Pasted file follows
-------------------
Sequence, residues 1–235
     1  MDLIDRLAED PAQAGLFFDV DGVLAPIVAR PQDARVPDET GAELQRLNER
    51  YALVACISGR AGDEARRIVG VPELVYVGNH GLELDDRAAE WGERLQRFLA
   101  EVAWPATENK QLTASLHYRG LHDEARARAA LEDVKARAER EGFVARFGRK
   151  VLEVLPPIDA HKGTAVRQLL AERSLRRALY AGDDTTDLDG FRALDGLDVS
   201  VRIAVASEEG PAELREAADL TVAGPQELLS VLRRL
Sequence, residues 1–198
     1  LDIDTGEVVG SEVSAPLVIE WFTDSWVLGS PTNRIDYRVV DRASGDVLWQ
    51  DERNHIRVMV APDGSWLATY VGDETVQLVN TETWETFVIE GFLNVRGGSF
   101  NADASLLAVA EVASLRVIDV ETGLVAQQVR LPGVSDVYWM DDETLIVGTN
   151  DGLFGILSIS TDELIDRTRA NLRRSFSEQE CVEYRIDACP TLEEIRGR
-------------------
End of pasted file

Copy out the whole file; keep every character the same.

Sequence, residues 1–235
     1  MDLIDRLAED PAQAGLFFDV DGVLAPIVAR PQDARVPDET GAELQRLNER
    51  YALVACISGR AGDEARRIVG VPELVYVGNH GLELDDRAAE WGERLQRFLA
   101  EVAWPATENK QLTASLHYRG LHDEARARAA LEDVKARAER EGFVARFGRK
   151  VLEVLPPIDA HKGTAVRQLL AERSLRRALY AGDDTTDLDG FRALDGLDVS
   201  VRIAVASEEG PAELREAADL TVAGPQELLS VLRRL
Sequence, residues 1–198
     1  LDIDTGEVVG SEVSAPLVIE WFTDSWVLGS PTNRIDYRVV DRASGDVLWQ
    51  DERNHIRVMV APDGSWLATY VGDETVQLVN TETWETFVIE GFLNVRGGSF
   101  NADASLLAVA EVASLRVIDV ETGLVAQQVR LPGVSDVYWM DDETLIVGTN
   151  DGLFGILSIS TDELIDRTRA NLRRSFSEQE CVEYRIDACP TLEEIRGR